Jaw - broken or dislocated
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A broken jaw is a break (fracture) in the jaw bone. A dislocated jaw means the lower part of the jaw has moved out of its normal position at one or both joints where the jaw bone connects to the skull (temporomandibular joints).
Dislocated jaw; Fractured jaw; Broken jaw; TMJ dislocation
A broken or dislocated jaw usually heals well after treatment. But the jaw may become dislocated again in the future.
Complications may include:
- Airway blockage
- Breathing blood or food into the lungs
- Difficulty eating (temporary)
- Difficulty talking (temporary)
- Infection of the jaw or face
- Jaw joint (TMJ) pain and other problems
- Problems aligning the teeth
The most common cause of a broken or dislocated jaw is injury to the face. This may be due to:
Symptoms of a broken jaw include:
- Bleeding from the mouth
- Difficulty opening the mouth widely
- Facial bruising
- Jaw stiffness
- Jaw tenderness or pain, worse with biting or chewing
- Loose or damaged teeth
- Lump or abnormal appearance of the cheek or jaw
Numbness of the face (particularly the lower lip)
- Very limited movement of the jaw (with severe fracture)
Symptoms of a dislocated jaw include:
- Bite that feels "off" or crooked
- Difficulty speaking
- Drooling because of inability to close the mouth
- Inability to close the mouth
- Jaw that may protrude forward
- Pain in the face or jaw, located in front of the ear or on the affected side, and gets worse with movement
- Teeth that do not line up properly
A broken or dislocated jaw requires prompt medical attention because of the risk of breathing problems or bleeding. Call your local emergency number (such as 911) or local hospital for further advice.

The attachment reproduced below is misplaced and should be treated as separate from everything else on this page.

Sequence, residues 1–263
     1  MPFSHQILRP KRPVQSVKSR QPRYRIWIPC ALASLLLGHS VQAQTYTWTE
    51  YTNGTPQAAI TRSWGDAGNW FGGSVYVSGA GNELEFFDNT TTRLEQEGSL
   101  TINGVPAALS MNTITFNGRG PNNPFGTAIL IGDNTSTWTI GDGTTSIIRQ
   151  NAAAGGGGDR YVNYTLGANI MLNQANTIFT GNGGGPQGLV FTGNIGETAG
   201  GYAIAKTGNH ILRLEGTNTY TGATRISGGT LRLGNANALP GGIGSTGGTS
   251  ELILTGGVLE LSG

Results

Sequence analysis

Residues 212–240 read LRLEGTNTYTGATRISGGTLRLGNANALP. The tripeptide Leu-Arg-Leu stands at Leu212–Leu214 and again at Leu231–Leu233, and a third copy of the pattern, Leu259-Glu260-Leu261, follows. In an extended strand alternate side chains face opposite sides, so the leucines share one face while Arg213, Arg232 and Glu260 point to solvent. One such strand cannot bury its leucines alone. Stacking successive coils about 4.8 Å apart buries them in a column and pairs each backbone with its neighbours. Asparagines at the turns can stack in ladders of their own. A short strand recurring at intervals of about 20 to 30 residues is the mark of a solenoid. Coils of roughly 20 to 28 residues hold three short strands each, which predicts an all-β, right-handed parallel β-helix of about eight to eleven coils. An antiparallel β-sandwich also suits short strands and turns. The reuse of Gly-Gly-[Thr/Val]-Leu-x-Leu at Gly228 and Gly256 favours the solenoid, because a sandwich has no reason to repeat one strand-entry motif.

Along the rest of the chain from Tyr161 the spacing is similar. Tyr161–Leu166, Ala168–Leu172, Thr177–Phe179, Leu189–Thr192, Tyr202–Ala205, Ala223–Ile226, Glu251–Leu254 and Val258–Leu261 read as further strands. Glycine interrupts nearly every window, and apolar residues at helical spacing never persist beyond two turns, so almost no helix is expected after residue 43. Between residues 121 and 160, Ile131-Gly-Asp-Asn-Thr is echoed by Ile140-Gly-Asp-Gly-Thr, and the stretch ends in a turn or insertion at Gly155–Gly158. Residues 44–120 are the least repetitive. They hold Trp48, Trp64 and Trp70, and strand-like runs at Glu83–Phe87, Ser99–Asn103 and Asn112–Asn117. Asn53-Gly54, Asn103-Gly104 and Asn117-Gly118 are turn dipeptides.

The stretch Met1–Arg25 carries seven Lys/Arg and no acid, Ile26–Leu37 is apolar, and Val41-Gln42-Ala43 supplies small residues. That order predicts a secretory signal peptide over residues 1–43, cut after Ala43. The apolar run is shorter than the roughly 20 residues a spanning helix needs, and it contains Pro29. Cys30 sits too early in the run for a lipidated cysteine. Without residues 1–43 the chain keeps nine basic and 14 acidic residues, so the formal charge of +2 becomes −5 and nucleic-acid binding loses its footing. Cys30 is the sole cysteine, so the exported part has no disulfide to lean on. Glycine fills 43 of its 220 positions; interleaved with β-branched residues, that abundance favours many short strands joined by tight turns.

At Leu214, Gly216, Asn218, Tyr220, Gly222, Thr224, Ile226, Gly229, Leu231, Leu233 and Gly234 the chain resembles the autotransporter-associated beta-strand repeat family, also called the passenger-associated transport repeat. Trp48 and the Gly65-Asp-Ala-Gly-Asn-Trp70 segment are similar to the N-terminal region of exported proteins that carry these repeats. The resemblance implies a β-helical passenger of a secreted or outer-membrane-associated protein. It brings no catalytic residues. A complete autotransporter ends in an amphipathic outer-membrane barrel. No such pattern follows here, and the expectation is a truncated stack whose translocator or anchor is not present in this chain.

Hold the jaw gently in place with your hands while traveling to the emergency room. A bandage may also be wrapped over the top of the head and under the jaw. The bandage should be easily removable in case you need to vomit.
If breathing problems or heavy bleeding occurs, or if there is severe facial swelling, a tube may be placed into your airways to help you breathe.
Temporarily bandaging the jaw (around the top of the head) to prevent it from moving may help reduce pain.
Treatment for a fractured jaw depends on how badly the bone is broken. If you have a minor fracture, the fracture can heal on its own. You may only need pain medicines and to follow a soft or liquid diet for a while.
Surgery is often needed for moderate to severe fractures. The jaw may be wired to the teeth of the opposite jaw to improve stability. Jaw wires are usually left in place for 6 to 8 weeks. Small rubber bands (elastics) are used to hold the teeth together. After a few weeks, some of the elastics are removed to allow motion and reduce joint stiffness.
If the jaw is wired, you can only drink liquids or eat very soft foods. Have blunt scissors readily available to cut the elastics in the event of vomiting or choking. If the wires must be cut, consult a health care provider promptly so they can be replaced.
If the jaw is dislocated, the health care provider may be able to place it back into the correct position using the thumbs. Numbing medicines (anesthetics) and muscle relaxants may be needed to relax the jaw muscles.
The jaw may need to be stabilized. This usually involves bandaging the jaw to keep the mouth from opening widely. In some cases, surgery is needed to do this, particularly if repeated jaw dislocations occur.
After dislocating your jaw, you should not open your mouth widely for at least 6 weeks. Support your jaw with one or both hands when yawning and sneezing.
Do not attempt to correct the position of the jaw. A doctor should do this.
When to Contact a Medical Professional
A broken or dislocated jaw requires prompt medical attention. Emergency symptoms include difficulty breathing or heavy bleeding.
Safe practices in work, sports, and recreation, such as wearing a proper helmet when playing football, or using mouth guards, can prevent some accidental injuries to the face or jaw.
Herrmann HJ. Wilderness dentistry and management of facial injuries. In: Auerbach PS, ed. Wilderness Medicine. 5th ed. Philadelphia, Pa.: Elsevier Mosby; 2007:chap 26.
Kellman RM. Maxillofacial trauma. In: Cummings CW, Flint PW, Haughey BH, et al, eds. Otolaryngology: Head & Neck Surgery. 5th ed. Philadelphia, Pa.: Elsevier Mosby; 2010:chap 23.
- Last reviewed on 4/16/2013
- C. Benjamin Ma, MD, Assistant Professor, Chief, Sports Medicine and Shoulder Service, UCSF Department of Orthopaedic Surgery. Also reviewed by A.D.A.M. Health Solutions, Ebix, Inc., Editorial Team: David Zieve, MD, MHA, Bethanne Black, Stephanie Slon, and Nissi Wang.
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This page was last updated: May 20, 2014